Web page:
The action sequences occur as logical story outcomes (I hope) but they have a tendency to bog me down, and I can find myself sketching and mapping Sophie’s battlefields. I flatter myself that the books betray a lively visual imagination, but tracking three-dimensional movement inside my head is another question, so for example I had to model the overturned carriage in The Prussian Dispatch just to find out where the new top side was.
I also needed a chart to remind me where the eponymous dispatch got to day by day. Diagramming, plotting, revisiting motive, hunting out more plausible reactions in characters, figuring out the likely results of some explosive event, are all ways of keeping the story moving. My worry, however, will usually be how I can turn some rigmarole of a scene into something fresh and unusual, rather than where the mystery’s going: my very unfortunate reaction to most murder mysteries is not to give a hoot who did it.
What prompted the decision to begin self-publishing?
Sophie’s a tough sell: painful to admit, but true. She’s pretty inward; the books are, shall we say, more richly textured than the market requires; and agents and publishers, by and large, lacked confidence that they’d shift enough copies. Self-publishing offers a way of realizing a series which is more important to me than any market-orientated work I could devise. It won’t make me rich or famous, but as things are, as long as someone claps for Tinkerbell every so often, she stays alive. That’s the main thing for me.
What is your process for self-publishing? And what are the tools and services you prefer to use to get to the finished product?
The texts are critted chapter by chapter on the writers’ site Scribophile.com, and editing and proofing are meticulous: much re-reading, running text through style analysis programs for those foolish snags that evade every human eye, and having the computer read to me while I scan the text with pencil in hand. I’ve been blessed both on the editing and on the production fronts through the work of Sharon K Miller, author of The Clay Series. Not only has Sharon preserved me from my wilder linguistic whimsies; she’s also turned out what seem to me pretty attractive volumes.
Your cover art is always extraordinary — was that your own design?
Essentially. The titling’s by a graphic artist who bailed out halfway through the production of The Prussian Dispatch. It’s so beautifully clear that I wanted to keep it. Otherwise, I enjoy getting out my toybox and putting together a tableau of related effects. I’m sure it was wisest to avoid any representation of Sophie on the covers.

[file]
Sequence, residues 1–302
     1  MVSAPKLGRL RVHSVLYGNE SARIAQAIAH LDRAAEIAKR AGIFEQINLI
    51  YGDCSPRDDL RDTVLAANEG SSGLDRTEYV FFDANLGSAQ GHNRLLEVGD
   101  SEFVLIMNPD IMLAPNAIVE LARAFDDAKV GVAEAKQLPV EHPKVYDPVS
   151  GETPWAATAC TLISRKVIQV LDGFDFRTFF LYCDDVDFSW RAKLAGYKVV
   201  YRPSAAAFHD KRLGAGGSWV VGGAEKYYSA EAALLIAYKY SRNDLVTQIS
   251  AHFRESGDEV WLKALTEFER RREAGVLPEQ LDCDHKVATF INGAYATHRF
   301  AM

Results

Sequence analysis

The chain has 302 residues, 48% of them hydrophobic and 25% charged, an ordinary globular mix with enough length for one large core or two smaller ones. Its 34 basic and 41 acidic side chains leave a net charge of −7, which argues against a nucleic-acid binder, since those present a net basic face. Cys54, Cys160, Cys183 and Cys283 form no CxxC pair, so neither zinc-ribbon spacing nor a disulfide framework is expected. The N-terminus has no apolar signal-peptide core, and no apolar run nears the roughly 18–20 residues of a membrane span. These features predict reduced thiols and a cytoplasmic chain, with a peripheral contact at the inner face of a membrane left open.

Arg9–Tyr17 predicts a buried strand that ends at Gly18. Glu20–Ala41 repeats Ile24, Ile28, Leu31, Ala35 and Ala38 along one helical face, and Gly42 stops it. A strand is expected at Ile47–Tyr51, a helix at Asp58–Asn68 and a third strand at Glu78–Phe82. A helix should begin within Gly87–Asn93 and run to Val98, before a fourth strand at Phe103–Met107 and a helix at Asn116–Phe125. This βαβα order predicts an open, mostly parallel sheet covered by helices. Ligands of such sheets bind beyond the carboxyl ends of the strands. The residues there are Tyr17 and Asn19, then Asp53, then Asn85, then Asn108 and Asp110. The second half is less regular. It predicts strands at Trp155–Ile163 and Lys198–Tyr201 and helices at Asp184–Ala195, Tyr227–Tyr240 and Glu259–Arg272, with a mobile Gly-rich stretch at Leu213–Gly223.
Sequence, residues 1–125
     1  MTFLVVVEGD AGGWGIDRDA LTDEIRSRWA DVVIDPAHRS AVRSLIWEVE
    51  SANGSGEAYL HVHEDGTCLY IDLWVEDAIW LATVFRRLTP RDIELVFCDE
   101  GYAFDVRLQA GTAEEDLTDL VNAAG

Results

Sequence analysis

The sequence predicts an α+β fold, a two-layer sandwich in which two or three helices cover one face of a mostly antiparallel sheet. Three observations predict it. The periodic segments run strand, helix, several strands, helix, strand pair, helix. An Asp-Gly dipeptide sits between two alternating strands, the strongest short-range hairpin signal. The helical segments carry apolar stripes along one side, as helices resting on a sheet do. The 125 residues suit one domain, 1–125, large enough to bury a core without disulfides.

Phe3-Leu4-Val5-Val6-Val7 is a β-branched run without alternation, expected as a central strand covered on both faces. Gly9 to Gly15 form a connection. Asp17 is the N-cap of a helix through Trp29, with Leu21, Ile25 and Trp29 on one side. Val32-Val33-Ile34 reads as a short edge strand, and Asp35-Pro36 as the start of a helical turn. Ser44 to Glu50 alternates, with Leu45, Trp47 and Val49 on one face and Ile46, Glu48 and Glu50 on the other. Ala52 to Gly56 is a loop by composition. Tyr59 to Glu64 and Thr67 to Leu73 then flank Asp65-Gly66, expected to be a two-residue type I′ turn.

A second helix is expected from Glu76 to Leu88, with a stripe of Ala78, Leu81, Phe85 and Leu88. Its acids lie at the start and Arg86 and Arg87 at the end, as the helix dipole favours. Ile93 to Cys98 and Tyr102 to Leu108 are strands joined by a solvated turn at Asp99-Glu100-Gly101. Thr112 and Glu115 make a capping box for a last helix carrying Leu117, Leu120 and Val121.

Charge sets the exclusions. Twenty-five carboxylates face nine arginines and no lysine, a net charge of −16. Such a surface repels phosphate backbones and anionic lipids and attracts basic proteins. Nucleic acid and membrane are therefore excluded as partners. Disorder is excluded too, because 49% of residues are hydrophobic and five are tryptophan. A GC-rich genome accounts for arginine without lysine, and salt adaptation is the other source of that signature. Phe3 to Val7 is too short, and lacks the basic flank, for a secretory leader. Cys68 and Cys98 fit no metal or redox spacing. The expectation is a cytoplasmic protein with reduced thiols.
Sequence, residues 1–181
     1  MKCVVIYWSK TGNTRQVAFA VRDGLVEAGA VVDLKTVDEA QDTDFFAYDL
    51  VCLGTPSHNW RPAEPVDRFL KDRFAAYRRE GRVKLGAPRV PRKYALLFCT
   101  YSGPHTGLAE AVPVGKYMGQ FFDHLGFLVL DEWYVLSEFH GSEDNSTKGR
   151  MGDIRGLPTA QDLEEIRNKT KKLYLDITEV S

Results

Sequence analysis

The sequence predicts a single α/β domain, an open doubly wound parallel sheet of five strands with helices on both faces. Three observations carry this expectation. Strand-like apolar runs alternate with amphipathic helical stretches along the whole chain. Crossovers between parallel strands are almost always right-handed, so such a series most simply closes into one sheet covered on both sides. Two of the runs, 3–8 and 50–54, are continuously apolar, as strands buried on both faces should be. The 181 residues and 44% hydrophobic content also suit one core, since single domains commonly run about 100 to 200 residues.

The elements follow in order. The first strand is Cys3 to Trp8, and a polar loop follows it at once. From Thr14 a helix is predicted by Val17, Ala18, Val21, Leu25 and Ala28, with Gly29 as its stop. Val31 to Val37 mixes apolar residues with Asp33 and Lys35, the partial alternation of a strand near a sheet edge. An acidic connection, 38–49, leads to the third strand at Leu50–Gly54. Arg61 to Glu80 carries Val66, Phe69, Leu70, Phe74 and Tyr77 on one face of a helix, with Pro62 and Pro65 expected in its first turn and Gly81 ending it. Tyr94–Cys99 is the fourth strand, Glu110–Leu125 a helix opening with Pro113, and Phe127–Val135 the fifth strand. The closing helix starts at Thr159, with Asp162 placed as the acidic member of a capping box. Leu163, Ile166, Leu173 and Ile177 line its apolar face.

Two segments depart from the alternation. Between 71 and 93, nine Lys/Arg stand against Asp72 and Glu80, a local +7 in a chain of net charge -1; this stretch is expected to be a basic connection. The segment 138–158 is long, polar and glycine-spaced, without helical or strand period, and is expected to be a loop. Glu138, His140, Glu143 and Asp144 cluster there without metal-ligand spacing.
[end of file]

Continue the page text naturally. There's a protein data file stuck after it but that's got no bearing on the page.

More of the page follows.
How much time does the marketing and promotion of the books take?
An enormous amount. The truth is, I don’t know how any normal person goes to work, runs a home, writes, self-publishes, and promotes adequately. If I were to attempt to do all that I’d spend sixteen hours a day at a desk, so in my sane phases I realise that I don’t truly want to be a writing success. It’s worth noting that traditional publication makes similar demands of authors: if there’s one thing that agents and publishers like, it’s a huge following for your blog or Twitter account before your book comes out. I have a database crammed with good ideas for promotion, and I really do mean to look at it again and take its advice. Sometime soon.
Do you have any recommendations for authors who are self-publishing in relation to marketing?
The most important recommendation, I’m sure, is to be clear about what you want from the book or series, and to understand your product. That’s the essential, the most basic, marketing stance. If the sole thing preserving you from living in your car is sales from writing, then you mustn’t do what I do, which is to write what’s engraved on my heart. Once every fifty million times, like an unlooked-for lottery win, that’ll work; but mostly that approach won’t sell, however hard you push it. If your need for cash is urgent, or if fame is your prize, then for goodness sake find out what’s stamped on everyone else’s heart and write that instead.
Can you give us a few details of what happens next for Sophie?
In the fourth book, Kobold, set in Silesia, she’s pursuing family secrets, and in the fifth she’s in Ottoman Constantinople. Thereafter the criminal background of her Vienna will shift, dragging her into crises exactly as her personal life gets more complicated. A character from chapter 3 of The Prussian Dispatch, whom no one noticed at the time and who shows up briefly in Serene, will turn Sophie’s life upside down. Before book 7, the last of the series, is over, her deepest convictions will be challenged.